Self-Care Doesn’t Fix Systemic Burnout

Don’t get me wrong, self-care IS very important. But no amount of mindfulness, yoga, healthy eating, stress management, life coaching you do (and this is coming from a professional life coach), it will not change burnout and suicide rates long-term unless there are fundamental changes in the culture of healthcare and the systems we, as physicians, function as a part of.

If you didn’t know already, there is no magic pill to fix burnout (surprise, right). But I back the model presented by Stanford Medicine WellMD Professional Fulfillment Model that only ⅓ of the burnout equation is personal. Working in a culture of wellness and having systems of efficiency are the other ⅔ part of the equation. (Check it out HERE

When I walk down hospital hallways or office corridors and each person I encounter either is consumed in their computer screen or looks like a walking zombie, there’s a problem. The people that fill hospitals, offices, ORs, ERs, etc day in and day out doing the vital work of caring for others are drowning, stressed out, totally numb.

Droves of people are dragging themselves out of bed to drudge through another day of work. Others are wiping the tears away on the drive in because they are so distressed. Many try to calm a panic attack before walking through the hospital doors. THIS IS NOT OK.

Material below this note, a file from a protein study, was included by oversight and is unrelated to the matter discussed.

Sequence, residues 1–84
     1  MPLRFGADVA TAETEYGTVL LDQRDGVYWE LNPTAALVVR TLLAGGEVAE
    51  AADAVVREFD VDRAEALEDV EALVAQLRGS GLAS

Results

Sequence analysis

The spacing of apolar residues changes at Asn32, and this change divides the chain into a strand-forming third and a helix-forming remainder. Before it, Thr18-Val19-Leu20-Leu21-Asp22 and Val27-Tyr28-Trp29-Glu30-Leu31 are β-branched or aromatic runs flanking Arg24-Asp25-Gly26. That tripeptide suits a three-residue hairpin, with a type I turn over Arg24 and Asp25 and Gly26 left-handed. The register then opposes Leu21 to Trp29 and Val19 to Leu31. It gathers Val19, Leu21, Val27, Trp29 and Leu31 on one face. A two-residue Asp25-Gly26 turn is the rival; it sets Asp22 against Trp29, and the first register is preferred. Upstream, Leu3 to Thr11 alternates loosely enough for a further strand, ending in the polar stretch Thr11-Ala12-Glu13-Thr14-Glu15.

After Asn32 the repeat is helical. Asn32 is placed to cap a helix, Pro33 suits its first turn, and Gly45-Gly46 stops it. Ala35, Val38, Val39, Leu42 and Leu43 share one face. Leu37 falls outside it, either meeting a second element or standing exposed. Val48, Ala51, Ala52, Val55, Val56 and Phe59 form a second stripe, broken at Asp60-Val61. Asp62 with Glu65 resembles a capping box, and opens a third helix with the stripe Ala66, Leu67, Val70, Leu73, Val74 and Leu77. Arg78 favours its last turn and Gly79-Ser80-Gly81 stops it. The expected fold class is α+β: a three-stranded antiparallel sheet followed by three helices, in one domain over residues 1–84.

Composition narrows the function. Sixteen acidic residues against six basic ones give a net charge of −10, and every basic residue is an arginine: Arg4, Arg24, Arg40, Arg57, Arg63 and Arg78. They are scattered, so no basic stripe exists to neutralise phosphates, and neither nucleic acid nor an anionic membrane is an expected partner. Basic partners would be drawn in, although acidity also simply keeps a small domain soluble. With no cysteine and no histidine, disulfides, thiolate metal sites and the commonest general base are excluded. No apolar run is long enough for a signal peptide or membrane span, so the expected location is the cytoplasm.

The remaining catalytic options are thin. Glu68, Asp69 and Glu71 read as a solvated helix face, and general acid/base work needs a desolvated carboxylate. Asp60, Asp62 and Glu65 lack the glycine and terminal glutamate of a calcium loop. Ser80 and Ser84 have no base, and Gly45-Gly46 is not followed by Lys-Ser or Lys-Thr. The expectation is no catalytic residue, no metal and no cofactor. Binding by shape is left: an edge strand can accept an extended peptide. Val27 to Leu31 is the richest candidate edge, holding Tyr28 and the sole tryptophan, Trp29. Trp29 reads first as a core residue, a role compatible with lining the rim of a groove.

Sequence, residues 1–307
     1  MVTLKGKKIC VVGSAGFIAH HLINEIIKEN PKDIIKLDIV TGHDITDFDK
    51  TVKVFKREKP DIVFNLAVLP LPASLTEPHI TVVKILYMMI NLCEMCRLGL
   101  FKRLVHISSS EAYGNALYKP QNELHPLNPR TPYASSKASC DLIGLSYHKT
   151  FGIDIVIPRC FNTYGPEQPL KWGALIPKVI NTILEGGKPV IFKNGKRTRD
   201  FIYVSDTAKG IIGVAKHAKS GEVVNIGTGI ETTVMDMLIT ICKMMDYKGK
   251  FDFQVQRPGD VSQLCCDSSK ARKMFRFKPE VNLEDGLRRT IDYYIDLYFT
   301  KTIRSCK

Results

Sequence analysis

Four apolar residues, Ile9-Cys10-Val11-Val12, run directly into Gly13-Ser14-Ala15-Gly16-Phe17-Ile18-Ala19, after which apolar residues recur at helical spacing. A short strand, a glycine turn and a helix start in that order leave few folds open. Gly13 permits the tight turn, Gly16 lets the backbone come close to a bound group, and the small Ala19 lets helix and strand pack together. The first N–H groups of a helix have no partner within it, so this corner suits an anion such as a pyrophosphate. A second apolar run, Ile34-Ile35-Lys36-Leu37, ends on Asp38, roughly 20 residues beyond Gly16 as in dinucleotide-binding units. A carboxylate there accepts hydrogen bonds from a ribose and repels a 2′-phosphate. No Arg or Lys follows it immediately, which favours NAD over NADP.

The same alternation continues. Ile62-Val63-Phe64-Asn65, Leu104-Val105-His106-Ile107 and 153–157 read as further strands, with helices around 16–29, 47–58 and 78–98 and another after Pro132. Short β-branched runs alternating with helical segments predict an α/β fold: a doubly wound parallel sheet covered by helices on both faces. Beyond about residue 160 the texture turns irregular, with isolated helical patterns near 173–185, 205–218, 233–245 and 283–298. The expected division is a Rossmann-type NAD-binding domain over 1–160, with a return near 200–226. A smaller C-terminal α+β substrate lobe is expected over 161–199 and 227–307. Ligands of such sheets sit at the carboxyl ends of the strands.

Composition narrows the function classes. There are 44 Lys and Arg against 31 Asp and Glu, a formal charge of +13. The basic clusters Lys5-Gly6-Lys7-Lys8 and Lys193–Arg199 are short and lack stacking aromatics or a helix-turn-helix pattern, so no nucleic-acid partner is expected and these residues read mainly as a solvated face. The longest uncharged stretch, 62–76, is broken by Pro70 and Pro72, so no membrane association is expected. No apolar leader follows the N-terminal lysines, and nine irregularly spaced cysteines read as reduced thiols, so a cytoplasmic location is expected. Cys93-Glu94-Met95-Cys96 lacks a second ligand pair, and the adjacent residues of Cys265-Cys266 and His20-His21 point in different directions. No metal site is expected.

I call organizations to take care of their most important resource, their people. And, the message of “make more time for you”, take a yoga class (sacrificing your lunch hour), or meditate 2-3 times a day plus meet each patient with a smile, is not just impossible but irresponsible because remember ⅔ of the problem are the work environment and culture. 

Telling healthcare providers and workers to improve their self-care without systemic changes is just rearranging chairs on the sinking deck of the Titanic. When self-care feels like more work, it is exactly that. 

Let me give a few examples that would lighten the load of this sinking ship:

  • Acknowledge the problem openly
  • Assess problems well
  • Removal of productivity based pay
  • Building alternative work schedules
  • Add more diversity in the workforce and in leadership roles
  • Evaluating the behavior of your senior leadership
  • Determining if the organization’s mission statement and core values are actually alive and exhibited 
  • Build trust back between the C-suite and physicians
  • Alter call schedules
  • Rebuilding collegiality
  • Transparency in compensation  
  • Remove pressuring from payer mix
  • Scribes and other user to unburden physicians

Other articles to read if this intrigues you:

The Business of Health Care Depends on Exploiting Doctors and Nurses

One resource seems infinite and free: the professionalism of caregivers.

By Dr. Danielle Ofri

Young female doctors are at high risk for burnout and “self-care” is not the answer

By Caroline Yao & Jacquelyn Corley

Burnout Among Health Care Professionals: A Call to Explore and Address This Underrecognized Threat to Safe, High-Quality Care